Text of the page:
Once again we only left the Madina Hotel quite late. (One day we’ll get an early start like most other people). Not too many steep hills but the general up and down of the Karakoram. A whitewashed monument signaled the junction of the Karakoram, Hindukush, and Himalaya mountains. Here we found an unfortunate Dutch traveller who pulled too far off the road and overturned his Land Cruiser. A bit further we found the Nanga Parbat Hotel, a half built structure where we could camp. The views across to Nanga Parbat (8125m second highest in Pakistan) were great. The mountain is also known as Killer Mountain due to the large number of deaths among mountaineers.

26 August - Talechi – Chilas - 71km

A hot and dry day on the road but a fairly short ride to Chilas. Ernest had 3 punctures so we arrived later than expected. A head wind also seems to pick up between 14h00 – 16h00 so it’s best to do most of the cycling in the morning. People have warned us about stone throwing in the region and it had already started. We passed the notorious land sliding area just past Raikot Bridge without any incident. In Chilas we stayed at the Karakoram Inn, typical of Pakistani Budget Hotels with dirty bedding and filthy bathrooms!!.

27 August - Chilas – Dasu - 117km

We entered the Indus Kohistan district, a very conservative area where no women at all are seen outside. This area reminds me a lot of Ethiopia, both in scenery and stone-throwing children. The area is also considered rather lawless and camping in the wild is not recommended. Here the gorge is deep and narrow with steep cliffs on the one side and sheer drop offs down to the river on the other side. About 15km before Dasu we found a rest house with such an idyllic setting that we could not refuse when the manager offered us a room at 50% discount.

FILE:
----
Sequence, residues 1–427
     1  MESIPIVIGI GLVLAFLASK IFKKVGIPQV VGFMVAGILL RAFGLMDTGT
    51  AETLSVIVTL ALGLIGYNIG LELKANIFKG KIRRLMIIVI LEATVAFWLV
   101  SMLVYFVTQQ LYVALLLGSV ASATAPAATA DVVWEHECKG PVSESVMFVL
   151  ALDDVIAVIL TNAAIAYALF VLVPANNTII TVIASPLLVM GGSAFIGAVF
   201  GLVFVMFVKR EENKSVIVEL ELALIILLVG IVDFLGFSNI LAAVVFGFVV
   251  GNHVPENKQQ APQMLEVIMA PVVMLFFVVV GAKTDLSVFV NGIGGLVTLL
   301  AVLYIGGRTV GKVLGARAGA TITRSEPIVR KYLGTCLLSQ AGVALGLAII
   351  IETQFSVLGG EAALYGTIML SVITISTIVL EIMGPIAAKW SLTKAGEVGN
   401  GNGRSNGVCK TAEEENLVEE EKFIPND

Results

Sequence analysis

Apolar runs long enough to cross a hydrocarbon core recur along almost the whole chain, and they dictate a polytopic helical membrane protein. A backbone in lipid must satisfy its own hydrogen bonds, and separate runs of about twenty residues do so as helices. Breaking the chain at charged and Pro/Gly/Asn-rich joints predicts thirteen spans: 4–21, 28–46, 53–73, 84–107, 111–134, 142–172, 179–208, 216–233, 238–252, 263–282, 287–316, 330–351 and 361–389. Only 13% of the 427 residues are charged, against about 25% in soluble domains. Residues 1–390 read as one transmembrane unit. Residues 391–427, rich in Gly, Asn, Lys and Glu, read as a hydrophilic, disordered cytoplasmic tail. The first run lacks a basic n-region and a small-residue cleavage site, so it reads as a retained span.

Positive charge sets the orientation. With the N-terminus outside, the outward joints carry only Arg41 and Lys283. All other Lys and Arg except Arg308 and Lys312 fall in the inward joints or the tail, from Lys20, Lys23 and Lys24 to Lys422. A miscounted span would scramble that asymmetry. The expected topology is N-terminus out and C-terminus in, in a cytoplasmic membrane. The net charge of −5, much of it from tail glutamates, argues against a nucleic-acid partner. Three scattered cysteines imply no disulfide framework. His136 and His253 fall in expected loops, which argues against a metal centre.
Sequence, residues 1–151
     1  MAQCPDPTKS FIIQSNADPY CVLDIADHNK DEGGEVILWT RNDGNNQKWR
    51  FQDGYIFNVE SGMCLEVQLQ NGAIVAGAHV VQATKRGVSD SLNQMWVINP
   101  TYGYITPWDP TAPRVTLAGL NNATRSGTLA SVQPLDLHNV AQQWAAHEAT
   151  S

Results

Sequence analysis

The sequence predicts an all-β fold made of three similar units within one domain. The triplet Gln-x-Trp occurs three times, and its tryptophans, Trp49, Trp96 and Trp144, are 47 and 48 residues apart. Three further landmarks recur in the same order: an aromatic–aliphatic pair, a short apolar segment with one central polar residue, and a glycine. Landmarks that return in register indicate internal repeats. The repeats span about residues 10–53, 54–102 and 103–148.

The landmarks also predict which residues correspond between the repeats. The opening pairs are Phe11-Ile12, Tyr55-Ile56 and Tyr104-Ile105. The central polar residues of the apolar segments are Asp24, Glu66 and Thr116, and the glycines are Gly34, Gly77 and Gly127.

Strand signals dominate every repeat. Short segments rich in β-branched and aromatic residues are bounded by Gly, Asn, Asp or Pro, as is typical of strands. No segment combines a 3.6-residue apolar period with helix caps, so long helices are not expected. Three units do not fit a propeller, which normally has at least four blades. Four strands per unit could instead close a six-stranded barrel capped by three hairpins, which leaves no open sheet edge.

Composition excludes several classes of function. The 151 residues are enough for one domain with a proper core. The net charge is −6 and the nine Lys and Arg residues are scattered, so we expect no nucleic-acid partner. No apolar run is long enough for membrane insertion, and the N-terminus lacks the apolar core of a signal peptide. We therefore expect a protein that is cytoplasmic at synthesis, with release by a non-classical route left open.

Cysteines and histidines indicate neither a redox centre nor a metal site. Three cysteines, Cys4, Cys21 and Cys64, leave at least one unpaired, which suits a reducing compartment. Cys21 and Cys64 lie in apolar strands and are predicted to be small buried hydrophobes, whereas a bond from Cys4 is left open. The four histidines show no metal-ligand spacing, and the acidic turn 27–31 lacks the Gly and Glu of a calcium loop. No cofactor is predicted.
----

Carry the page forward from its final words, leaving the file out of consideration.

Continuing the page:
28 August - Dasu – Pattan - 53km

The plan was to cycle to Besham, but after 50km and another flat tyre (& damaged rim) by Ernest we decided to stay in Pattan. We have now used the last of our spare tubes so will have to stock up again in Islamabad. The area is also so scenic that one does not want to rush it. The road climbs high on the canyon wall and the scenery is truly spectacular with a lot more greenery than further north. The Indus River flowed way below us as we cycled up the mountainside. In many places the road is washed away or damaged by rock falls from the crumbling mountainside.

29 August - Pattan – Batagram - 96km

For me this is the most scenic part of the KKH, with lots of greenery and forested mountainsides. The road is still in poor condition, to such an extent that I broke my front luggage rack. Now it’s held together with duct tape and cable ties. Not as bad as a Polish cyclist we met on the way, who broke his gears and now only has one gear (and that going up the KKH!!!). At Thakot we crossed the Indus River (the official start and end of the KKH) and climbed out of the Indus valley, what a sweaty affair!! At Batagram we stayed in a hotel which has definitely seen better days - the lack of tourists is painfully visible in many of these places.

30 August - Batagram – Abbottobad - 98km